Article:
Part of a series of 5 paintings based on the poetry of Miho Nonaka from her book The Museum of Small Bones, this is the only one whose title isn’t derived directly from the poem on which it is based, Roommates.
In the early stages of working I collaged a photo of a mousetrap that said “out of sight.” I ended up painting over it but I thought it connected so well with the poem, which is about feeling misunderstood, unnoticed, and unimportant, that I made it the title. I played with this idea visually by obscuring images, drawing over parts of the painting, and tearing out some elements. Out of Sight also refers to the invisible aspects of memory.
I preserved the damaged and raw torn paper edges in this painting because I felt it reflected the pained spirit of the poem in contrast to the multitude of colorful imagery including goldfish, mice, swallowtail butterflies, elliptical orbits, and blue and red M&M's. I imagined these as representing the idiosyncratic and resilient inner life of the poet.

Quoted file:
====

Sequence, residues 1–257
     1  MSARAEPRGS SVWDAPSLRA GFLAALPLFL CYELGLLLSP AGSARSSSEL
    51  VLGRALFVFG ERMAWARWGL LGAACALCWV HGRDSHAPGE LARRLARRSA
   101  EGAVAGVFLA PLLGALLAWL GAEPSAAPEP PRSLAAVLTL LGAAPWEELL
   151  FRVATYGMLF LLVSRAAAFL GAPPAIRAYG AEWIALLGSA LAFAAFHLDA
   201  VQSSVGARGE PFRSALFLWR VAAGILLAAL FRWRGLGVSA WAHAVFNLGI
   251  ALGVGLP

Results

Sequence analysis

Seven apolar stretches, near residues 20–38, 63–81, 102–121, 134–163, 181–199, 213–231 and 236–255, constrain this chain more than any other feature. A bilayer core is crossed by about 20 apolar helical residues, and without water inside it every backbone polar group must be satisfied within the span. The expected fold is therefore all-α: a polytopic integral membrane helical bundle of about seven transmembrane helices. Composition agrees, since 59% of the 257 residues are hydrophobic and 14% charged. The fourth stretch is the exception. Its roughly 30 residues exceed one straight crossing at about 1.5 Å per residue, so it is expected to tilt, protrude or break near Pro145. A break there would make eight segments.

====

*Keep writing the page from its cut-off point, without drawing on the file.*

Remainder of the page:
At one point in the poem while the author is scrubbing a pot or setting a mousetrap one of the rude roommates inexplicably blurts out, "Deal with it." It was such an aggressive statement that I was compelled to include it (along with an orange letter "L" from Wheaton's alumni magazine where Dr. Nonaka teaches English.) It visually relates to the goldfish and other stray marks in the painting but like the statement itself is out of context. I liked the ransom note quality of the cut out letters.
My intent was to recreate the painful beauty of the poem through visual media including the mysterious details that become indelible parts of our secret memories.
P.S. I included some Japanese calligraphy, but I don't know what it means, so if my bi-lingual friends from Japan are reading this, help a girl out and let us know in the comments!